Angels' quest to win now begins with Anthony Rendon

SAN DIEGO -- It was nearly a decade ago that the Los Angeles Angels missed out on the third baseman they so desperately coveted. Their owner, Arte Moreno, made a strong push for Adrian Beltre following the 2010 season, only to see him choose the division-rival Texas Rangers. It proved to be a devastating blow. The Rangers made the playoffs in four of the next six seasons, advancing all the way to the World Series. The Angels didn't win a single postseason game, and Beltre terrorized them at every opportunity.

On Wednesday, in the thick of an offseason that they hope will kick-start a dominant run of contention, the Angels made their amends by agreeing with superstar third baseman Anthony Rendon, the best available position player by a wide margin, on a seven-year, $245 million contract, as reported by ESPN's Jeff Passan.

The signing came one day after they finished a distant third for star pitcher Gerrit Cole. For Rendon, the Angels beat the Rangers, who were motivated to add a superstar free agent to help christen their new ballpark, and the rival Los Angeles Dodgers, who were forced to come to the realization that Rendon was not necessarily interested in playing for them.

The Angels began the offseason with a desperate need for pitching. But rather than shift their focus to the next tier of free-agent starters after Cole spurned them for the New York Yankees, the Angels turned to the next available impact player: Rendon, who makes their lineup fierce. He'll join Mike Trout and Shohei Ohtani and Justin Upton and Albert Pujols and, eventually, Jo Adell, the promising outfield prospect who projects as a perennial All-Star.

Now, with Rendon locked up, the Angels can shift their focus to starting pitching. They began Wednesday roughly $70 million below the 2020 luxury tax threshold and are very much in play for the likes of Madison Bumgarner, Hyun-Jin Ryu and Dallas Keuchel. They are also very much interested in engaging the Cleveland Indians in a trade for two-time Cy Young Award winner Corey Kluber, though others -- such as David Price of the Boston Red Sox or Yu Darvish of the Chicago Cubs -- also might be options.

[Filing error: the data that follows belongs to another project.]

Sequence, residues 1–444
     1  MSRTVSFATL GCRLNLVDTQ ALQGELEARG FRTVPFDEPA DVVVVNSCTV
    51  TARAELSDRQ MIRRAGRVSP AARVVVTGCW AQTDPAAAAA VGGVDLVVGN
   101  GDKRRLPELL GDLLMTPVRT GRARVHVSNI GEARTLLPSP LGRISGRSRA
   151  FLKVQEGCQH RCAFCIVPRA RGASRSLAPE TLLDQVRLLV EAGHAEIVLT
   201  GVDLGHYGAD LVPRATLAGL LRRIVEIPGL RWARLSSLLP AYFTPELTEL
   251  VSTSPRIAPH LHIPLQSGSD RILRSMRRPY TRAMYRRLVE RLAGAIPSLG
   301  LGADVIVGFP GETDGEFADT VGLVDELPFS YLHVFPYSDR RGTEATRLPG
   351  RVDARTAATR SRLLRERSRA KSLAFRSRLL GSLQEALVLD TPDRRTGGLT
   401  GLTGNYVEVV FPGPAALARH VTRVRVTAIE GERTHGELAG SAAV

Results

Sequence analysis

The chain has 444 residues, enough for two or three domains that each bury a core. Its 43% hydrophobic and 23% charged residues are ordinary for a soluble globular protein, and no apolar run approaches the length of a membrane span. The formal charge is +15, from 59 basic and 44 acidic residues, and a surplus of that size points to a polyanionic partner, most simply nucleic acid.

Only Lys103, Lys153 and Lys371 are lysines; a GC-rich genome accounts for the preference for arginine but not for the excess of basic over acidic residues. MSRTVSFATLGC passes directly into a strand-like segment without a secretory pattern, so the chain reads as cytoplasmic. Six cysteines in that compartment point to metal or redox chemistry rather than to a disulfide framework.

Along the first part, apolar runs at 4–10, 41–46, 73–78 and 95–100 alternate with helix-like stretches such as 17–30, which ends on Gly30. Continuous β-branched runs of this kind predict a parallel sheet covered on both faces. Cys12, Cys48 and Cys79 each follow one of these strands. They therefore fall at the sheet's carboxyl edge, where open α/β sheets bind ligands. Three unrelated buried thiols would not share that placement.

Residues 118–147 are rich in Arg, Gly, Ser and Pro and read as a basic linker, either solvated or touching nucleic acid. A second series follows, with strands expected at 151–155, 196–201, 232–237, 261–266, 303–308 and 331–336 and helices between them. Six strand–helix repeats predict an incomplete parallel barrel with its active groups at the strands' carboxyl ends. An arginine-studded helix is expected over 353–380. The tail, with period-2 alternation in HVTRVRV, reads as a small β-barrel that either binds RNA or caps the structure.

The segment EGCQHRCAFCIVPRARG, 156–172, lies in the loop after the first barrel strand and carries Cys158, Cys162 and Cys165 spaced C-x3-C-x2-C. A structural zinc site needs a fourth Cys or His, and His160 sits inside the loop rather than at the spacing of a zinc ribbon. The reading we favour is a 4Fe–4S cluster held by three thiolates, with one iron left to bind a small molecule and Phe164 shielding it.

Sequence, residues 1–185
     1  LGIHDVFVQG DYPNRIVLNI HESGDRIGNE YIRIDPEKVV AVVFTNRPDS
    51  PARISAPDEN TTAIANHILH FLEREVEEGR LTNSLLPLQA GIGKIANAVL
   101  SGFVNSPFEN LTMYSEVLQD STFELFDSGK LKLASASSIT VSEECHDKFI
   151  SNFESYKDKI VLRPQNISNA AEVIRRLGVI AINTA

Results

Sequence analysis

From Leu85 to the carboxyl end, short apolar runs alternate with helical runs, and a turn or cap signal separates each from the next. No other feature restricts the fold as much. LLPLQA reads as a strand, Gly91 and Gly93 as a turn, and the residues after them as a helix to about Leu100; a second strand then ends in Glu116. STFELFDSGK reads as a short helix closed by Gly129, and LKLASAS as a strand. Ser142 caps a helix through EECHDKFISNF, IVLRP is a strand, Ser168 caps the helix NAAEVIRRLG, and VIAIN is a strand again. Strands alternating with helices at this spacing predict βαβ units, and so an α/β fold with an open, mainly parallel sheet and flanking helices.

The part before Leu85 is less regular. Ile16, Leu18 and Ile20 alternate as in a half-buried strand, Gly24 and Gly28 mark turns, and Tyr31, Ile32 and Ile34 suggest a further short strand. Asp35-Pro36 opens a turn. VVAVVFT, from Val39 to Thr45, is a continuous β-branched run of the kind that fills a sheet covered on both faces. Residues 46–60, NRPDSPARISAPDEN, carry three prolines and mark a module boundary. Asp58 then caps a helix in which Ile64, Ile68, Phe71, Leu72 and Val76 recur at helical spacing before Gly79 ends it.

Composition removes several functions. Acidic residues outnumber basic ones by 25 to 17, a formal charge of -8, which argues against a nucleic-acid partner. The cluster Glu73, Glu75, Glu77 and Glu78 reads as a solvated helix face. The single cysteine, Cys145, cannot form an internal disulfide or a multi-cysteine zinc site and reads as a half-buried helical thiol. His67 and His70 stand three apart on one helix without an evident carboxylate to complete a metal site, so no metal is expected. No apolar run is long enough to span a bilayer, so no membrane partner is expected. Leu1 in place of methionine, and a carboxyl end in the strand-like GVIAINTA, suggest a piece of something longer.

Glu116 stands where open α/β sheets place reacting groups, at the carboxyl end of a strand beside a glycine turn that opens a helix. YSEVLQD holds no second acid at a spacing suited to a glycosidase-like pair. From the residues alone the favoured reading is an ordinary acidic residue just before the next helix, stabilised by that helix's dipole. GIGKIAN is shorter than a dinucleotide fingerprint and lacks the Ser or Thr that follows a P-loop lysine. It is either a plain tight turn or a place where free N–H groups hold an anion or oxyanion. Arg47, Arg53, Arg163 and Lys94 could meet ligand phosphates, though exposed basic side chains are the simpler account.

The key is to acquire front-line starters without parting with Adell. Angels general manager Billy Eppler, speaking a few hours before he got serious in his negotiations for Rendon, said his phone has been "ringing a lot" with teams interested in the Angels' young, controllable, major-league-ready players, a group headlined by starting pitcher Griffin Canning and infielder David Fletcher.

The Angels also need catchers, and Eppler said he was engaged on up to four of them via free agency and another two on the trade front, one of whom is presumably Willson Contreras, who spent the past four years playing under new Angels manager Joe Maddon in Chicago.

In short, the Angels want to win, they know there is a sizable gap to make up, and they're willing to do what it takes to accelerate their timeline. They made a promise to Trout, who eschewed free agency to sign a 12-year, $426.5 million extension, despite barely sniffing October relevance. And the Angels made a promise to Maddon, who chose to return to the organization, despite having his pick of managing jobs. The Angels told them they were going to do what it takes to compete. And with the Houston Astros engulfed in a sign-stealing scandal that could yield significant punishment, perhaps now is as good a time as any to take the leap.

Only Trout, Mookie Betts and Christian Yelich have been worth more FanGraphs wins above replacement than Rendon, 29, over the past four seasons. In that stretch, from 2016 to 2019, Rendon batted .299/.384/.528, averaging 26 home runs and 101 RBIs. Last season, which ended in World Series triumph, he broke out, finishing third in National League MVP voting after batting .319/.412/.598 with 34 home runs and 126 RBIs for the Washington Nationals. His OPS was 1.010, 359 points higher than what Angels third basemen combined to produce.

The Angels perceivably needed pitching coming into this offseason, and instead they got a bat, which has proven to be Moreno's preference. They did the same seven years ago, when they basically dismissed the possibility of signing Zack Greinke and instead made a shocking addition in Josh Hamilton.

This circumstance will probably turn out much better.